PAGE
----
Avaya Inc. is getting deeper into the cloud provider business, which could also open opportunities for Canadian service providers.
The company said Tuesday that as part of its collaborative cloud strategy it will offer a range of services under the AvayaLive name, starting with Engage, the new name of its web.alive virtual conferencing platform.
Engage, which has only been available (under its previous name direct from Avaya and Canadian partners since its inception over a year ago, lets people separated by distance meet and converse in a virtual room.
But Avaya said it will soon by joined by Connect, a Voice over Internet Protocol (VoIP) telephony service for small businesses with less than 20 employees. The only equipment needed is a PC running Windows XP or higher or Mac OSX. It will either be sold direct from Avaya or through service provider partners.
Initially available only in the U.S. starting this summer, Connect is in beta now. David Murashige, Avaya’s vice-president of business development, said it will be rolled out to other countries. “Canada is high on the list,” he said, but didn’t say when it will come here.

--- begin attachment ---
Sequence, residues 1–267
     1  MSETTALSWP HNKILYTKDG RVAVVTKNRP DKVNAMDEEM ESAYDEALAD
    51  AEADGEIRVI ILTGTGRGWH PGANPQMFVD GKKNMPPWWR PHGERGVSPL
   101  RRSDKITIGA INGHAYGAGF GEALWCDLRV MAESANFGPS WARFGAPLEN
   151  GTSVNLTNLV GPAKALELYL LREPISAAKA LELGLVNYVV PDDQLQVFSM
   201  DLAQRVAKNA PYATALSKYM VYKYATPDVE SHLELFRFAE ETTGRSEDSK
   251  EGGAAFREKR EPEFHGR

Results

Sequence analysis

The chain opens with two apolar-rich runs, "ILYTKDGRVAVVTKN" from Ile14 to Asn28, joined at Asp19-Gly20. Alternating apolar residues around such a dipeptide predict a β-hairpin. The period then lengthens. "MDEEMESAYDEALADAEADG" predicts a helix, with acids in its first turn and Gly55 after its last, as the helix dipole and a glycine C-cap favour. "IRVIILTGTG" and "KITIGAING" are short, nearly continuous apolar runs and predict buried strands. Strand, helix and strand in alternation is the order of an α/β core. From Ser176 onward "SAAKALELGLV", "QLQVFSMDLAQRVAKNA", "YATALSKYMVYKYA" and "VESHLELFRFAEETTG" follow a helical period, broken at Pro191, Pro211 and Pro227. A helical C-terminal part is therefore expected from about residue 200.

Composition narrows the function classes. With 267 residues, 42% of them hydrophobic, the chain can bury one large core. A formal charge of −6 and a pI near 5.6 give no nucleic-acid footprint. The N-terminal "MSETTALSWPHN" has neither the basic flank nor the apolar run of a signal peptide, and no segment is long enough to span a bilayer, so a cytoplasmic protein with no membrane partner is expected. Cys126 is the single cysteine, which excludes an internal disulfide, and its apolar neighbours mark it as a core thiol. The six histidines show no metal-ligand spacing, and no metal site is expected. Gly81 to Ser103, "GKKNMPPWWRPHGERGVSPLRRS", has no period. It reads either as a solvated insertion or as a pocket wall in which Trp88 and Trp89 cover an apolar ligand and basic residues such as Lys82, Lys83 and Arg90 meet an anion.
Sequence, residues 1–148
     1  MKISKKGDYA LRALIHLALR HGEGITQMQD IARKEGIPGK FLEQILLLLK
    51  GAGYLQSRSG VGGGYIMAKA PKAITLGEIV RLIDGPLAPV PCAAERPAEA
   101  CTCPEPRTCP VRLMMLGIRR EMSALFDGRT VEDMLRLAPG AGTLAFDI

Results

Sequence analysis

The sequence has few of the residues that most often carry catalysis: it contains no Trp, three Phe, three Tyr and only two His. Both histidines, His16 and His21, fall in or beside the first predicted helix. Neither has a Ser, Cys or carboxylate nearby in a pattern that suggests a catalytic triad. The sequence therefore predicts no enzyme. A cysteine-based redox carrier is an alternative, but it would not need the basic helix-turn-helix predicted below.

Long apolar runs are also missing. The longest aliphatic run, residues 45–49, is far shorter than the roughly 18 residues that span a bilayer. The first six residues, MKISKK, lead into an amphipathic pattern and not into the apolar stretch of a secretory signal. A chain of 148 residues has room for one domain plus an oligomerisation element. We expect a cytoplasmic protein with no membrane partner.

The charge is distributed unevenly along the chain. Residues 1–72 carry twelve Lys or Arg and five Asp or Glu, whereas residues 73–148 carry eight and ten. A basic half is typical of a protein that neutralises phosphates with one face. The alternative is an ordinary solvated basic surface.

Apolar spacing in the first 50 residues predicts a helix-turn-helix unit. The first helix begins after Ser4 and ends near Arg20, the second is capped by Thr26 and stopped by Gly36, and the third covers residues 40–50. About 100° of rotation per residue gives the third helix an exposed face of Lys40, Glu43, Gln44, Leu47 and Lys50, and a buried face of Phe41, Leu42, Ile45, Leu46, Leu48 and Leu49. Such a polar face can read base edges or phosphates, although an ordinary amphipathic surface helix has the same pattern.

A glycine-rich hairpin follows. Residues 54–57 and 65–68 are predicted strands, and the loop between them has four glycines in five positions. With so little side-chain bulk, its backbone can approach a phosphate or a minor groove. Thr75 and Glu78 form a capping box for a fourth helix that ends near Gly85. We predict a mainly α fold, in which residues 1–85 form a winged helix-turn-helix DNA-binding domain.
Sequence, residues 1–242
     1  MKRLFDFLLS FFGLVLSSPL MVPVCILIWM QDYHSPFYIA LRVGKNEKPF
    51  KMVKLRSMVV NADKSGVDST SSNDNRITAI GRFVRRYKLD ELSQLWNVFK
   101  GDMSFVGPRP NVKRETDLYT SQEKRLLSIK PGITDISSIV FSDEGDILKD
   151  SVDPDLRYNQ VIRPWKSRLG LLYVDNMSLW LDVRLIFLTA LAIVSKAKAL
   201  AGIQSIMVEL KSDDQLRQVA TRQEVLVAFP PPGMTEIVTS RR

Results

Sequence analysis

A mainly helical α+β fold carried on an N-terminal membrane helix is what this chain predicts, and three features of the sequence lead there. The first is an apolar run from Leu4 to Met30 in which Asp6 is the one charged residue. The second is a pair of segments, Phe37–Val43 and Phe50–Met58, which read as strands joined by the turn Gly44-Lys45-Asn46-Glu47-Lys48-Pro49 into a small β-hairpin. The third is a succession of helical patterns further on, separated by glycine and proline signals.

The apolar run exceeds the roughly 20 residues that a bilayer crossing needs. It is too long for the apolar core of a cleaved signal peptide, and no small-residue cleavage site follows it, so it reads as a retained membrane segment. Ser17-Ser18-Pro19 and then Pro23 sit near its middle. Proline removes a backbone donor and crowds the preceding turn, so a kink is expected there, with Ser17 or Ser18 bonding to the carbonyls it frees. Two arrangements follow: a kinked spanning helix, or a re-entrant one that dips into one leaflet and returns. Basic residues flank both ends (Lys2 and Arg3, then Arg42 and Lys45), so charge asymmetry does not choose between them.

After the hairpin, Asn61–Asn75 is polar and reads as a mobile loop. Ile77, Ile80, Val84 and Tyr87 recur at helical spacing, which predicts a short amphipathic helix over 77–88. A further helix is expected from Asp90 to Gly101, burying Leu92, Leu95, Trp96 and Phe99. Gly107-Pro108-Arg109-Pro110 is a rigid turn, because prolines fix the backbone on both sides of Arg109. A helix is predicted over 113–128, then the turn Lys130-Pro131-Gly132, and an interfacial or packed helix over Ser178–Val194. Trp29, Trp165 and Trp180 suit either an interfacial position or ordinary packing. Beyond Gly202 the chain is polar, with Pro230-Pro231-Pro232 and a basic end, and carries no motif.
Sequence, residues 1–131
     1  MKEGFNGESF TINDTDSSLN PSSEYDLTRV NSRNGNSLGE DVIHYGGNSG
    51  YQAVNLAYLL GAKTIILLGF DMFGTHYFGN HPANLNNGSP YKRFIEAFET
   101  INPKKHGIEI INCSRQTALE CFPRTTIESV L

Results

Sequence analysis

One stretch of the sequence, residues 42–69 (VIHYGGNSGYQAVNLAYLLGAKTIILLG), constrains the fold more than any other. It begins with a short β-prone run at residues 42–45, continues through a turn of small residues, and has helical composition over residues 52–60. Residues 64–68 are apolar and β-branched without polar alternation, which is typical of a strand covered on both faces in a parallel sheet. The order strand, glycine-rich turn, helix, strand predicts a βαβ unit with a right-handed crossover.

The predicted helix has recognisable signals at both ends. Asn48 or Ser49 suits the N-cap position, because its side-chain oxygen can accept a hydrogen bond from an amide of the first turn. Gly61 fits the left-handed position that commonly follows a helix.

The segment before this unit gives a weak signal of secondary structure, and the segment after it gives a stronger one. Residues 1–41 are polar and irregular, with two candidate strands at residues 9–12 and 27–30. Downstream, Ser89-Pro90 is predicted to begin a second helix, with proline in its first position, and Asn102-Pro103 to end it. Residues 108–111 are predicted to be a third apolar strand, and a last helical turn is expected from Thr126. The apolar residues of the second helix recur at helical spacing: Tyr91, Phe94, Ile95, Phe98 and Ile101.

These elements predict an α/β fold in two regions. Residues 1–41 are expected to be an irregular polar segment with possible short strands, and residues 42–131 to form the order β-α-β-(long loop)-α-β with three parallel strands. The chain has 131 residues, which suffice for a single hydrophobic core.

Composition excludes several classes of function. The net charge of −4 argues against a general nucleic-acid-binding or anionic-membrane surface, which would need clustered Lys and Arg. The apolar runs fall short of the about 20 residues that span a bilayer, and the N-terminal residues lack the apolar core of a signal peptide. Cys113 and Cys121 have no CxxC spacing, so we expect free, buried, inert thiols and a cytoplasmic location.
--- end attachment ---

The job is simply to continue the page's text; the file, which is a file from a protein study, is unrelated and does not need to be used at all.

Connect will also be sold through select service providers. The first in the U.S. will be Level 3 Communications.
Pricing wasn’t announced. Murashige said Connect will be simple enough to be bought over the Internet with a credit card.
Also coming, he said, will be a virtualized public cloud version of Avaya’s Aura unified communications platform for service providers and value added resellers to build a communications service on.
No date was given for its release.
“We recognize customers and the reseller network are interested in the cloud from a communications perspective,” Murashige said. “What we’re trying to do is create a suite of services that allow large or small enterprises to access cloud services to fit their business model.”
Forrester Research analyst Henry Dewing said the announcement is an extension of a promise Avaya CEO Kevin Kennedy made last year to make all of the company’s platforms cloud-ready.
The strategy will mean large organizations that have already invested in Aura will have a path to getting service through cloud providers, he said, but it isn’t clear how those with other telephony platforms could benefit.